Running from 9-11 October, FT DLW will take place in FT offices in London, New York, Hong Kong, Singapore, Beijing and Tokyo. Speakers include executives from Facebook, Twitter, Google+, Enders, PwC, BBC, New York Times, Kraft, Edelman, Chartbeat, technode.com, VML Qais and Pearson, plus experts in their fields from within the FT. Sessions are themed around the following topics: social media, mobile, digital advertising, data analytics and other digital trends in the media industry.
FT CEO John Ridding said: “Around the world and across the industry, reader habits are changing and the publishing industry has shifted from a single channel business to multi-channel media consumption. The FT is proud of its success as one of the first global media organisations to embrace these changes and make the transition work for our business, with innovations like our FT.com metered access model and the FT Web App which have since been adopted by many others. But the pace of change continues to accelerate and we must continue to adapt. This Digital Learning Week is a part of a larger effort to invest in the FT’s greatest asset, our talented and experienced staff, with a variety of training opportunities. We encourage an ongoing dialogue to ensure we stay flexible, curious and continue to succeed in this rapidly changing market.”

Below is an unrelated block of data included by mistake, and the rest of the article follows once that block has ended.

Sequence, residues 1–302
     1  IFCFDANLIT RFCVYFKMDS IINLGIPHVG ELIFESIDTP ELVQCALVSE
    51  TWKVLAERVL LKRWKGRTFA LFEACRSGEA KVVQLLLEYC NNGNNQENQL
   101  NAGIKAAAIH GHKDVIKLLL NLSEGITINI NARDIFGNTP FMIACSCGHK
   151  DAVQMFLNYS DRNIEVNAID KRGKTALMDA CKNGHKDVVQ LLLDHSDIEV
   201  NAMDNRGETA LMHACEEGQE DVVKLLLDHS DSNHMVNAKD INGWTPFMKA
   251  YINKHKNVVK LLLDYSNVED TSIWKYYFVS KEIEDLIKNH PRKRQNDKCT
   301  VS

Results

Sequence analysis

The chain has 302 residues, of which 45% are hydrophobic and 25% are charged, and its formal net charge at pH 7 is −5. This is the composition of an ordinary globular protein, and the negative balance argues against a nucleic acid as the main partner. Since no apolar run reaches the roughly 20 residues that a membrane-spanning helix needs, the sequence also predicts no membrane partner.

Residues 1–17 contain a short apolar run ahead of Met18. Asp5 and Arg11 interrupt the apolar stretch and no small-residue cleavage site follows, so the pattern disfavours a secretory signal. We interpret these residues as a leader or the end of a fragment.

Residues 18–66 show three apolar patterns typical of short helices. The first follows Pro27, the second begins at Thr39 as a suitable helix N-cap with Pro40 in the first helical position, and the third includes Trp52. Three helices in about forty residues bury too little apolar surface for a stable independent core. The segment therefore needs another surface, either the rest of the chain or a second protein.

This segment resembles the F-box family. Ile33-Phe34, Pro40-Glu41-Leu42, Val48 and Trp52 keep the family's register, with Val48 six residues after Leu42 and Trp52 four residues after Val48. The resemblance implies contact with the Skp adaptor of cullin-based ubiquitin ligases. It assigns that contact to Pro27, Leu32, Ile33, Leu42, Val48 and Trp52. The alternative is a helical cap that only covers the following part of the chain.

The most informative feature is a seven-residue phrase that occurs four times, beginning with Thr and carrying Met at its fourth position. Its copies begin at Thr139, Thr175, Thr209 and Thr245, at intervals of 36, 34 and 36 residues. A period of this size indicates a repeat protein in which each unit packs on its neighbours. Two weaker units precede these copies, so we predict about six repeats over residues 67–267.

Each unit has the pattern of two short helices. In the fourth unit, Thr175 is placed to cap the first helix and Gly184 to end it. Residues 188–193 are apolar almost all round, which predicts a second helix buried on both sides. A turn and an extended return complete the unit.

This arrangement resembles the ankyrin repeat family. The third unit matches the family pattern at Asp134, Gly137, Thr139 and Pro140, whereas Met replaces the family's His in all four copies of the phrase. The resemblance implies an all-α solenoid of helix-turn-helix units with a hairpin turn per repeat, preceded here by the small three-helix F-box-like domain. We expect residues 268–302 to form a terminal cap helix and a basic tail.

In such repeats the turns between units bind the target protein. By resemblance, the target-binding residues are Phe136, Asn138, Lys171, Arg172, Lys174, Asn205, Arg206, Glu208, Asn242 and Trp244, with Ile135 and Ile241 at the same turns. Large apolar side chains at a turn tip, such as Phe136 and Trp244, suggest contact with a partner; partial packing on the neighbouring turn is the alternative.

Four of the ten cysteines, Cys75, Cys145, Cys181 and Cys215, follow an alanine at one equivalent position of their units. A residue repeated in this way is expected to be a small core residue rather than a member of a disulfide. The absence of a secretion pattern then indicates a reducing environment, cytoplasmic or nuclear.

FT Global Communications Director, Emma Gilpin-Jacobs, added: “"Along with our people and our relentless commitment to offering the world's best global journalism, digital innovation has been key to the FT's growth strategy. As we continue to transform our business, Digital Learning Week aims to create a new way of helping our staff to engage with the digital products and trends that we are using to reach our growing global audience." The FT has seen consistently strong growth in digital revenues and by the end of the year we expect these will be over 30% of the total. Likewise our digital subscriptions are steadily increasing, and overtook global print circulation earlier this year. FT.com now has over 300,000 digital subscribers and 5 million registered users.
Other important areas of growth are mobile, which drives 25% of traffic and 15% of new subscriptions, and social media, which is growing faster than every other traffic source to FT.com and has seen an increase in referrals by 20% in the last six months.